“The Filipinos have articulated a clear vision to improve the quality of their lives through a technically, environmentally, and socially sound plan,” Yohannes adds. “I am confident that the country’s ongoing commitment to positive reforms, accountability and transparency, and the timely implementation of the compact will deliver tangible results.”

It’s understandable, President Benigno Aquino III, sir, that your very high trust rating should attract offers of help and all kinds of partnerships, whether of a bilateral or multilateral nature.

After the heavy baggage of corruption that saddled the administration of President Gloria Macapagal-Arroyo, it must be a great relief for government and private sector leaders to be hailed as advocates of hope instead of co-conspirators in crime.

For example, the Asian Development Bank (ADB), the US Agency for International Development (USAID) Philippines, the Australian Agency for International Development (AusAID), GTZ, the United Nations Development Programme (UNDP), and the Japan International Cooperation Agency (JICA), have expressed their willingness to help the government come up with a National Action Plan against Climate Change (NAPCC), which must be put in place by April 2011, based on the Climate Change Act or Republic Act 9729.

In the case of the MCC, $54.3 million of the total aid package will go to computerize and streamline business processes in the Bureau of Internal Revenue, to improve revenue collection and reduce opportunities for corruption.

Some $214 million will allow the construction and repair of 200 kilometers of Samar Road, which passes through 15 municipalities.

Anybody who has been to Samar will not begrudge residents of that beautiful but impoverished island this badly-needed help. It will be interesting to see how the engineering works will go. Samar is one of the few places in this country with a still significant New People’s Army (NPA) presence. I can imagine American troops coming in for some medical and disaster relief missions. The USAID, which has a Filipino-American director (Maryknoll-educated Gloria Steele) for the Philippines, should also be shepherding a number of projects in Samar, especially those aimed at ensuring “availability of high-quality medicines to treat life-threatening diseases including HIV/AIDS, malaria and tuberculosis.” Samar, one of poorest areas in the country, suffers high incidence of the last two diseases.


The portion of the MCC release that intrigued me was this:
“… the compact includes $120 million to expand Kalahi-CIDSS, a community-based, rural development program. This innovative approach to development strengthens local accountability and empowers poor communities to design and drive the projects they need to increase their incomes and improve their lives.”

That’s big money and, unlike the Samar road project, will be dispersed throughout the countryside of this archipelago. I initially imagined an NGO and asked what umbrella it belonged to. After all, the term NGO no longer has the purer-than-Caesar’s-wife cache that it enjoyed before Agile consultants and women urban poor leaders with mansions, not to mention Peace Bond “commissioners” – all self-proclaimed activists for good governance -- had sectors wondering about the need to police the police.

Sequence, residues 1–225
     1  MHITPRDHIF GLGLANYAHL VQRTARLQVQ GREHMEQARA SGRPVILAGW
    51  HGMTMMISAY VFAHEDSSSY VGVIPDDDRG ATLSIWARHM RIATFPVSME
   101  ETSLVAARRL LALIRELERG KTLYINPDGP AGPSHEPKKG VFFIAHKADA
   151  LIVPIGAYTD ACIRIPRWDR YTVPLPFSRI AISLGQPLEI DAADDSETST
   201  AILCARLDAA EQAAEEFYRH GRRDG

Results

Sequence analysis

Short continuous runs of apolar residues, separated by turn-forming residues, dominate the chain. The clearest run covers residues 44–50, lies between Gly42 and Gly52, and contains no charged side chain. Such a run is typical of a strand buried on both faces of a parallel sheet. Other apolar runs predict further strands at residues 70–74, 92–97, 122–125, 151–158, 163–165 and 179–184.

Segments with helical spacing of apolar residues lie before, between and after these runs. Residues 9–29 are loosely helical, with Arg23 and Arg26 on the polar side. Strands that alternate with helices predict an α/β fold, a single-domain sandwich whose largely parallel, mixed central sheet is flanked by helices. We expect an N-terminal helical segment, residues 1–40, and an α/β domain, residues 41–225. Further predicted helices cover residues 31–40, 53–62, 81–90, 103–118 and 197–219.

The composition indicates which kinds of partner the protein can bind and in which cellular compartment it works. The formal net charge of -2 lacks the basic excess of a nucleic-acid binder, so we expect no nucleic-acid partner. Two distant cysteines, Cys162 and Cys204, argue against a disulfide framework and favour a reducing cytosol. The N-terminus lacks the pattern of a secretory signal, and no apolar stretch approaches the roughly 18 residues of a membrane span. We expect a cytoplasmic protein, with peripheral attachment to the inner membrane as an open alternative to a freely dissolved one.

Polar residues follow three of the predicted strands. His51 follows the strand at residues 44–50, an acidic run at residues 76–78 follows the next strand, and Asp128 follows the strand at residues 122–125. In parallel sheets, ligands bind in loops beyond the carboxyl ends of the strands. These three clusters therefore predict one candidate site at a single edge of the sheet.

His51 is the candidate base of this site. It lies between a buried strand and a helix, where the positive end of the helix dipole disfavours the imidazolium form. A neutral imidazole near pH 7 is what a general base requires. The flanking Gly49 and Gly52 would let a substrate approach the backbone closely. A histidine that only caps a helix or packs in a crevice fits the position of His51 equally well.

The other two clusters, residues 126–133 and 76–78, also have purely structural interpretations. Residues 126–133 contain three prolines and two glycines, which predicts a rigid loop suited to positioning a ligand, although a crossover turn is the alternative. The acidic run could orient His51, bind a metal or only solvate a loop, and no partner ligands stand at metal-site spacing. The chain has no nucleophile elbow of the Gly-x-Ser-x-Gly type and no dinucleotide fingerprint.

But a cursory skimming of a notebook confirmed that Kalahi is the critical conduit of government's cash aid.

Its website http://kalahi.dswd.gov.ph/index.php?option=com_content&view=frontpage&Itemid=1 states:

“KALAHI-CIDSS is the Philippine government’s flagship poverty-alleviation project implemented by the Department of Social Welfare and Development through the financial support of the World Bank. It stands for Kapit-Bisig Laban sa Kahirapan- Comprehensive and Integrated Delivery of Social Services.

KALAHI CIDSS entrusts the poor with greater powers, supports poor LGUs in local development, and invests heavily on people, not just projects.

KALAHI-CIDSS believes the poor know who need help the most and that their skills and potentials could be harnessed to undertake development.

Funds are released directly to the villager’s KALAHI-CIDSS bank accounts. Villagers also manage, monitor and supervise the implementation of sub-projects. These sub-projects were implemented faster and cheaper compared to traditional implementation of projects in the Philippines (Mid-term Review, 2006).

KALAHI-CIDSS’ built-in transparency mechanisms have nearly attained for the Project a nil record in graft and corruption. Through a complaints and grievance system, issues pertaining to the project are addressed expeditiously."

The DSWD Secretary (currently Corazon “Dinky” Soliman) is the national project director of Kalahi. Her short message on the website notes:
“With 5,236 community sub-projects, KALAHI-CIDSS has been able reach 4,583 barangays in the poorest 200 municipalities in 42 provinces and benefited 1.1 million households and an estimated 6.6 million poor Filipinos nationwide.”